When Sony‘s PlayStation 4 launched last Friday, gamers had a wealth of digital exclusives and third-party titles to choose from, but slim pickings on the first-party retail exclusives: Killzone: Shadow Fall or Knack. You probably should’ve picked Killzone.
That’s not to say Knack is bad — it’s just not going to set the world on fire. Knack is at its best charming and inoffensive, and at its worst mind-numbingly frustrating.
The game stars off simply enough: some nearby goblins (who have apparently been living in peace with humans until recently) attack a human city, the humans turn to a golem-like creature named Knack for help, and hours of platforming and pummeling in the style of Crash Bandicoot or Jak and Daxter ensue. Therein lies Knack‘s first problem: we’ve seen it all before. While the graphics and visual flare are definitely those of a “next-gen” game that at times even rival what Dreamworks or Pixar could throw together, the gameplay feels rooted in the days of the PS2.
From a tech perspective, Knack is certainly impressive. Your character can grow or shrink depending on circumstances like how many “relics” you pick up, how much damage you take, and so on, and the changes happen in real-time. As I mentioned, the backdrops and environments are gloriously beautiful, and you’ll find yourself just enjoying the scenery at times. Unfortunately looks aren’t everything, as the combat – while simplistic – can come back to bite you with occasionally sluggish controls and questionable hit boxes for some enemies.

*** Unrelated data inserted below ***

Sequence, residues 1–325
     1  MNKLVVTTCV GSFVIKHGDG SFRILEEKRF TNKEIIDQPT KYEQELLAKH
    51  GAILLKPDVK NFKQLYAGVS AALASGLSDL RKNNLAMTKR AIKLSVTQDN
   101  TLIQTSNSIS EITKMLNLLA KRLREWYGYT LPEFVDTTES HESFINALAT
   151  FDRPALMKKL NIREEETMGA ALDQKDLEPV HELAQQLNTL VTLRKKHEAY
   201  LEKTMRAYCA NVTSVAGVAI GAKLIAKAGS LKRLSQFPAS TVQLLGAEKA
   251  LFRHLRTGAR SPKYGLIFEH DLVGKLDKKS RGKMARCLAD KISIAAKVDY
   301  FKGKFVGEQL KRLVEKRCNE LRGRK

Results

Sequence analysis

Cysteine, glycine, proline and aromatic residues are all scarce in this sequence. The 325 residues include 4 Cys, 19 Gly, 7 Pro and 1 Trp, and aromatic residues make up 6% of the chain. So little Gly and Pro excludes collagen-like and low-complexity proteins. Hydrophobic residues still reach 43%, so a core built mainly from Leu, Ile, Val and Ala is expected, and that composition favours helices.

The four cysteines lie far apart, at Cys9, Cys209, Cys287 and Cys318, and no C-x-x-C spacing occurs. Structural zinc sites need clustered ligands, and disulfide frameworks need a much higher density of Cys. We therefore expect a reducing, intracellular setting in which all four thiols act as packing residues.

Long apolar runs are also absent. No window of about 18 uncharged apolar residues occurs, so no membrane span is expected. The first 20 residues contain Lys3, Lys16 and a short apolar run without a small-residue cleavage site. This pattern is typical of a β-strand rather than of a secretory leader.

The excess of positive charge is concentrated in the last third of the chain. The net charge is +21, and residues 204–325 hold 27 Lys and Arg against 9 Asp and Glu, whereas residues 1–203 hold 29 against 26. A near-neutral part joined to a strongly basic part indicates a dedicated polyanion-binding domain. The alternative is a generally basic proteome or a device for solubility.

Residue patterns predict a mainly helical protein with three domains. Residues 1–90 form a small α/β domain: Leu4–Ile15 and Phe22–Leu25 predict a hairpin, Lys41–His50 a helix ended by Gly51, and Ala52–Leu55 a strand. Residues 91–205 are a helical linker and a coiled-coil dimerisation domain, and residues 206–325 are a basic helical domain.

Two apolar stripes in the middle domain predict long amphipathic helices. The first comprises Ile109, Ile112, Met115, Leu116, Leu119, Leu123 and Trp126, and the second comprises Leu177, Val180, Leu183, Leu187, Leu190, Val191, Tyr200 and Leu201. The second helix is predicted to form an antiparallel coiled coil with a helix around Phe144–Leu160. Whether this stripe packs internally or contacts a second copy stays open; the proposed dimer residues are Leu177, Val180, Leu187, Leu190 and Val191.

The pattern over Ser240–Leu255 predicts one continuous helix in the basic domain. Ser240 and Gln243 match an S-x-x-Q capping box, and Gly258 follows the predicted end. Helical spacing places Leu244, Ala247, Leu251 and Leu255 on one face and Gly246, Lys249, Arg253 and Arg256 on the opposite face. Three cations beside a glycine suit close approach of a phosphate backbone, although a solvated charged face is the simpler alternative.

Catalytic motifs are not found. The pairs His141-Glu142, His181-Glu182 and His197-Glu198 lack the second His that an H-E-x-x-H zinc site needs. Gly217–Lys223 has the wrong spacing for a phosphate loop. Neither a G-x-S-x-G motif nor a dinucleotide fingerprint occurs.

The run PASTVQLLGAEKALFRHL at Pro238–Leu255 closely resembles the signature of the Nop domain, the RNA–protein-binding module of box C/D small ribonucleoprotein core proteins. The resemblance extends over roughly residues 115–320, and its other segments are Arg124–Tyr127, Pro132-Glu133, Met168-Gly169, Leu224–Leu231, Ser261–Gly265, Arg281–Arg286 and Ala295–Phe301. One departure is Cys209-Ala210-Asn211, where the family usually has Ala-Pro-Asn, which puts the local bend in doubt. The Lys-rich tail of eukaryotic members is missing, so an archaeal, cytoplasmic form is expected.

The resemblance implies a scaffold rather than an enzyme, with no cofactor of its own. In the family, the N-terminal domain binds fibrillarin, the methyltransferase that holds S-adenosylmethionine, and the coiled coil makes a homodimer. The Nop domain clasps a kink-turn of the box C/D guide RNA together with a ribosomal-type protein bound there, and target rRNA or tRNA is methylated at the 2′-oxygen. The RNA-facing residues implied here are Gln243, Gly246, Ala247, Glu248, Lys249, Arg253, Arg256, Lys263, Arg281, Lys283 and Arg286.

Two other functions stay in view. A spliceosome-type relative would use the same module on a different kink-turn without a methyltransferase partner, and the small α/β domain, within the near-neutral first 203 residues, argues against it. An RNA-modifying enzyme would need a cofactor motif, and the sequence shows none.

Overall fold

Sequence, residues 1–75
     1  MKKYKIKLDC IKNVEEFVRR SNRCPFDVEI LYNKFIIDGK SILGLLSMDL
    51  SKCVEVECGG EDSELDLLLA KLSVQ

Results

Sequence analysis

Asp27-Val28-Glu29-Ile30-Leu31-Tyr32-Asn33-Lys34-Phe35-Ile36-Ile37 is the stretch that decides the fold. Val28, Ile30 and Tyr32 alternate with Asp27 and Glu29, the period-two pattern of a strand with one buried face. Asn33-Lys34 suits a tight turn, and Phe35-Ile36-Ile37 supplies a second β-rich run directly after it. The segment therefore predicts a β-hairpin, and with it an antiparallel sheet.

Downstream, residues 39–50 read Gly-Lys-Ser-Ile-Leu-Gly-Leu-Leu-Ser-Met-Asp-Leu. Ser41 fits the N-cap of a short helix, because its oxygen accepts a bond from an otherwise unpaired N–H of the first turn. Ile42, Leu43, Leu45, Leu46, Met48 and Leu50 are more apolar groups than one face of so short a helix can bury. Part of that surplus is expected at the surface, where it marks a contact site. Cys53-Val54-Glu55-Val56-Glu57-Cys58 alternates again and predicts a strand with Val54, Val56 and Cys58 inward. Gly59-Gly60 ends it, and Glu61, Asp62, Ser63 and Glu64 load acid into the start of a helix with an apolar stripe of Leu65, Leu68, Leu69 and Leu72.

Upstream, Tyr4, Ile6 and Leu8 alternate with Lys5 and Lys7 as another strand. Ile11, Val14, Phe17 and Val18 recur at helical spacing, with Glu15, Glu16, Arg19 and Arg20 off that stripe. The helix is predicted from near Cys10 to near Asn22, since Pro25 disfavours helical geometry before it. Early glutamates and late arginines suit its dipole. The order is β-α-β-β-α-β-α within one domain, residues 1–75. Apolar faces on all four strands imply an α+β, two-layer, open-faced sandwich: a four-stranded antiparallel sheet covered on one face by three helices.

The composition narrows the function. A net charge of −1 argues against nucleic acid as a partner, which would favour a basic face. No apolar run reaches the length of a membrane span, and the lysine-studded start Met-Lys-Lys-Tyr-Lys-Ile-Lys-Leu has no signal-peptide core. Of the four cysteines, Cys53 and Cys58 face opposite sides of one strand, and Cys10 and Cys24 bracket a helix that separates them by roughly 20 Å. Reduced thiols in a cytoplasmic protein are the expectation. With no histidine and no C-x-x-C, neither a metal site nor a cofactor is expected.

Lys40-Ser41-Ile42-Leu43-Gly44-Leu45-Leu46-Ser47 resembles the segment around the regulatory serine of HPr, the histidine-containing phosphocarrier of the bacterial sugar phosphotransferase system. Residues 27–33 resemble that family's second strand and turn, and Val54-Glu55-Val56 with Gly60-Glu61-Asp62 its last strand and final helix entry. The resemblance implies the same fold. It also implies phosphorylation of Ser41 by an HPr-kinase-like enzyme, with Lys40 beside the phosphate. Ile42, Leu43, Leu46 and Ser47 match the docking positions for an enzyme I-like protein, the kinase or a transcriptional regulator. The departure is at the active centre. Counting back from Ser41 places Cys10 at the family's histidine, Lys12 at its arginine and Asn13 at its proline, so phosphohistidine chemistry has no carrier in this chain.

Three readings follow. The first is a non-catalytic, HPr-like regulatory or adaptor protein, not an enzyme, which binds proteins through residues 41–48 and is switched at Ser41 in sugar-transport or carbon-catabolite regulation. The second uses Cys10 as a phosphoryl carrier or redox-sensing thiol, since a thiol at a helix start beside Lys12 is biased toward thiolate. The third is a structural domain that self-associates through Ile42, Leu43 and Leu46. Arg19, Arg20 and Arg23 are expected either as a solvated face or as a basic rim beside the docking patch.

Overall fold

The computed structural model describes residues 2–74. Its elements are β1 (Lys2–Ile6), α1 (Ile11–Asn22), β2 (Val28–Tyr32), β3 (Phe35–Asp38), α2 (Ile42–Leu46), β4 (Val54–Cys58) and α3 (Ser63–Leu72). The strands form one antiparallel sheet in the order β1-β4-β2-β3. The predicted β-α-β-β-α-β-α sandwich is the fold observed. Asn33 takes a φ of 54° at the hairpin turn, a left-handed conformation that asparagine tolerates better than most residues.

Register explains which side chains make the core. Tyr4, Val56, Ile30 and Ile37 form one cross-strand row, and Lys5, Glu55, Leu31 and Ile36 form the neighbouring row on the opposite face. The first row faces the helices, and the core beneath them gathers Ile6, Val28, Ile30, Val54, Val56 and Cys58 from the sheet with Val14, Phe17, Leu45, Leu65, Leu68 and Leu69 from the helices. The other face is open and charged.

One neat part of the game is the ability to share special items, used for building upgrades for Knack, with your PSN friends. It’s also crucial to do so, as it seems these items are generated randomly (at least as far as I can tell) and without your friends’ help you may not be able to complete more than one.
From a story perspective, other than a general feeling of “get the bad guy,” it lacks anything to really draw you in. Multiple times I flat-out forgot the names of any of the characters except for Knack himself. If I don’t care about my supporting cast, I’m not going to care about the game as much.
The worst offender, however, would be the game’s difficulty. This one is hard. Not Dark Souls hard, but more like “unfair and bad programming” hard. Not that I don’t like a good challenge or anything, but the inclusion of a life bar for Knack is a bit deceptive: most times you won’t be able to sustain more than two hits from any given enemy, and while the controls are responsive, at times they’re just sluggish enough to mean the difference between landing a successful attack and starting back over at the nearest checkpoint, which may or may not be pretty far away. Your attack range and reach also seems to vary at random times with no good reason. Many a controller has been thrown while playing this game.
I think my other big problem with Knack is that it’s just not memorable. This is the type of game you’ll pick up because of its charming looks and either quit out of frustration or trade in the second you beat it out of a feeling of “I’m never doing THAT again.” It’s a shame, because Knack‘s world has the potential to be engaging, and there are moments of greatness that make you see the potential this title has. Hopefully Sony will get it right with the second iteration, if there is one.